The banality of certainty (Book excerpt)

Value for Money (VfM) sounds eminently reasonable. It represents the kind of due diligence we expect from modern liberal states: accountability to taxpayers’ demands that governments keep an eye on how public funds are spent, assurance that these funds are, in fact, employed for their stated purposes, and transparent management of public funds are all necessary for avoiding corruption and waste. In that light, VfM is not only reasonable but perhaps even morally desirable.

However, not all areas of public policy are equally amenable to the same calculations and standards of proof. When procuring bricks to build a school, for instance, we can easily compare the costs and estimates of different providers in order to choose the most economic, efficient, effective, and cost-effective option. As we move to less tangible goals, however, the simple logic of VfM begins to unravel, and at a certain point the demand for hard evidence does not necessarily lead to accountability. And, as we know, many development assistance goals are of the less tangible variety. Continue reading The banality of certainty (Book excerpt)

A dwarf standing on the shoulders of giants

While writing Why We Lie About Aid I enjoyed the singular advantage of standing on the shoulders of pretty gigantic intellects. If you check out the back cover you will find endorsements by four big names in development debates: David Booth, Brian Levy, Nic van de Walle, and Tom Carothers. Instead of copying here their praises for me, I though that the right thing to do would be recognize the efforts that made my book possible. Continue reading A dwarf standing on the shoulders of giants

Gesture politics and foreign aid: evidence vs spin

[Reposted from The Conversation]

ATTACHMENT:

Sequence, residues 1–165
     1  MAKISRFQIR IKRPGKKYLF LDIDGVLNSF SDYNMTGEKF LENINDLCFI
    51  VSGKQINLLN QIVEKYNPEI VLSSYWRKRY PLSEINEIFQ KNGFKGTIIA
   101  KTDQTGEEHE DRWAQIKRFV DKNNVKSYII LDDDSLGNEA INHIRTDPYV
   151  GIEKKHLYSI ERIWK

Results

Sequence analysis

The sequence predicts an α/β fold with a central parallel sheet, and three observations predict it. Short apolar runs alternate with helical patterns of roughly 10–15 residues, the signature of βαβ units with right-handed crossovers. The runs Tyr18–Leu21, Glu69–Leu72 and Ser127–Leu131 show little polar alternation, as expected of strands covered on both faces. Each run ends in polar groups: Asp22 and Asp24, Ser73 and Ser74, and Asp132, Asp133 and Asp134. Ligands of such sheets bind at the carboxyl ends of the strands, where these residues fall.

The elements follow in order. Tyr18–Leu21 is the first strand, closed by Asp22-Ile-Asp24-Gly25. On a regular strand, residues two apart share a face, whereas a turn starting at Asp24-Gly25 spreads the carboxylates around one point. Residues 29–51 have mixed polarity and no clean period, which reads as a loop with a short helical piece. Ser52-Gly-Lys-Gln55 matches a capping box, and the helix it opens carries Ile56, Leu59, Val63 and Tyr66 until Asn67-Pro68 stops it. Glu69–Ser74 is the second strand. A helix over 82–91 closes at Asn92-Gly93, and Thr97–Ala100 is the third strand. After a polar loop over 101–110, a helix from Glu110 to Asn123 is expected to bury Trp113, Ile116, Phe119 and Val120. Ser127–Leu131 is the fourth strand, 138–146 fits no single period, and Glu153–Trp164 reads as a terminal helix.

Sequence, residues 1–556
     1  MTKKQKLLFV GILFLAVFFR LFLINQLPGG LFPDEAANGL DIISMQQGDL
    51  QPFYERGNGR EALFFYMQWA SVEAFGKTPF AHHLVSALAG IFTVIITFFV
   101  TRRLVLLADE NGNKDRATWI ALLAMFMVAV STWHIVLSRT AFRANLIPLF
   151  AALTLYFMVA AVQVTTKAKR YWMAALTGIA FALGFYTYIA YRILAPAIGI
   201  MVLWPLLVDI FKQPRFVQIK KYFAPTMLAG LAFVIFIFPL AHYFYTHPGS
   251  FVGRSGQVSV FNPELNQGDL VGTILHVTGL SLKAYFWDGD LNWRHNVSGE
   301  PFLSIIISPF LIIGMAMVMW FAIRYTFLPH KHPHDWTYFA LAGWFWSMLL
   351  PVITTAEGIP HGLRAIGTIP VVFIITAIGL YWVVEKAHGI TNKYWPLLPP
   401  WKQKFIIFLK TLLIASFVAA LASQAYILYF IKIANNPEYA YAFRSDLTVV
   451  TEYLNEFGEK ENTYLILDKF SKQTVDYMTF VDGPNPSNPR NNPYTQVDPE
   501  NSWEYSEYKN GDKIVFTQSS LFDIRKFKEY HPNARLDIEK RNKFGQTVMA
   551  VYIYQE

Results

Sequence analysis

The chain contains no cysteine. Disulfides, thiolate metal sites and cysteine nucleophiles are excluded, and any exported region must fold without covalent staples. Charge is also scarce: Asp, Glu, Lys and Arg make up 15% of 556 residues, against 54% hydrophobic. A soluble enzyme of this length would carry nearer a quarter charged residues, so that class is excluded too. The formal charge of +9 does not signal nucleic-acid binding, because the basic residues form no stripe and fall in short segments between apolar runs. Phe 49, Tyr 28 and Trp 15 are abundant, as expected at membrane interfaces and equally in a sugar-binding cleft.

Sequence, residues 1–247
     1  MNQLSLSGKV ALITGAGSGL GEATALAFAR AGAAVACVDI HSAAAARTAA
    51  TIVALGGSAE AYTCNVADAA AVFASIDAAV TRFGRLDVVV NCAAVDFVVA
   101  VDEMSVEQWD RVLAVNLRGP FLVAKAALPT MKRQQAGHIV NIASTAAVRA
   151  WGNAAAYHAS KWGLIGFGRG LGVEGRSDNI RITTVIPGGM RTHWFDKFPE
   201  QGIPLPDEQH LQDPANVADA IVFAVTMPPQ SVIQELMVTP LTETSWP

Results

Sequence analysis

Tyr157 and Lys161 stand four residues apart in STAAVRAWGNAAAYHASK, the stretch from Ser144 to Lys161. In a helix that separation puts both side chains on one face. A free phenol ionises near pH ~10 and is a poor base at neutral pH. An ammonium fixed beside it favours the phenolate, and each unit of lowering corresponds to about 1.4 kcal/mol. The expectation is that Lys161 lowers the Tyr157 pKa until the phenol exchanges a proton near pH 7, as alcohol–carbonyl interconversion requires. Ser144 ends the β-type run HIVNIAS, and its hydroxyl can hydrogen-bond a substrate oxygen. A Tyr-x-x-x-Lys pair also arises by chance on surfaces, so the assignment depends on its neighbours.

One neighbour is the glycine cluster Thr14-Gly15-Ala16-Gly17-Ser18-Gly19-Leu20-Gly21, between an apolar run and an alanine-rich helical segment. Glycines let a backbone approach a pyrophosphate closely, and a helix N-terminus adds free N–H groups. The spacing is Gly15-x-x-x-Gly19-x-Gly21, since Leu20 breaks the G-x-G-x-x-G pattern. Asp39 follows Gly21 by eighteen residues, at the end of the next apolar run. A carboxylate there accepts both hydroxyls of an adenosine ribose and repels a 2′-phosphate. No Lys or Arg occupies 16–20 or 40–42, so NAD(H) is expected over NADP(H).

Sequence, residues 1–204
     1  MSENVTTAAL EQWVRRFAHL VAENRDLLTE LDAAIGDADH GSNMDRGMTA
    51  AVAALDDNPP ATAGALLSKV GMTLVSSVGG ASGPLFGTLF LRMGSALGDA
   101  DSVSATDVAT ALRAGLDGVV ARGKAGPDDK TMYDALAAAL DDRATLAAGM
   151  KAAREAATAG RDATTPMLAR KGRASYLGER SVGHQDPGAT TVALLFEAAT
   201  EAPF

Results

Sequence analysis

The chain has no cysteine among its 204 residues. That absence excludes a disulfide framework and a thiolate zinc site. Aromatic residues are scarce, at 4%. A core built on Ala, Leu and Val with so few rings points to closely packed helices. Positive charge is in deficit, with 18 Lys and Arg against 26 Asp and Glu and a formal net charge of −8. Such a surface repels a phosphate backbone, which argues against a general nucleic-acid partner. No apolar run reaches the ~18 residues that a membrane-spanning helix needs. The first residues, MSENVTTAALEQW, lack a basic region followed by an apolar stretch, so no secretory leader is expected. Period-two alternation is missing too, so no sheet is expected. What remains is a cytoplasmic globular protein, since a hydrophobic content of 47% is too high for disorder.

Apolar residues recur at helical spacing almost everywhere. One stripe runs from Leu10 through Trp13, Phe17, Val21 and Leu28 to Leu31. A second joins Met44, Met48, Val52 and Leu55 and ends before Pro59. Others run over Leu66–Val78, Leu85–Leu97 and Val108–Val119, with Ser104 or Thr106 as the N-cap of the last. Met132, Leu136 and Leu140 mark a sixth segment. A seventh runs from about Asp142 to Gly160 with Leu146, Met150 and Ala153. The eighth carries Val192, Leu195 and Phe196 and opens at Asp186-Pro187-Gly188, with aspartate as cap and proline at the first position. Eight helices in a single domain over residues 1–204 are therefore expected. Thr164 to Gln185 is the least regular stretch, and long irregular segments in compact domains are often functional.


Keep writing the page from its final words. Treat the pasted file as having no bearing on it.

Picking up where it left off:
Secretary of State for International Development Penny Mordaunt has warned recipient governments that they face cuts in UK aid if they don’t “put their hands in their pockets”. Her warning is grounded on a claim of public concern: “Nagging doubts persist for many people, about what we are doing, why we are doing it … especially when there are domestic needs and a national debt to address.” It is a compelling point but, as it turns out, one for which there is actually very little evidence.

The most recent YouGov/Times survey poll asked Britons what issues they considered most important among those facing the country: Brexit, health and the economy topped the list. The potential misuse of foreign aid funds, as one would expect, did not even register.

Surveys on public opinion about aid are scarce and often contradictory. While a Telegraph poll in April 2016 found that 57% of people opposed the commitment to spending 0.7% of national income on foreign aid, a Eurobarometer survey later that year found that 55% of respondents in the UK thought aid commitments should be kept and 14% believed that they should be increased. “Nagging doubts”, it would seem, are in the eye of the beholder. Continue reading Gesture politics and foreign aid: evidence vs spin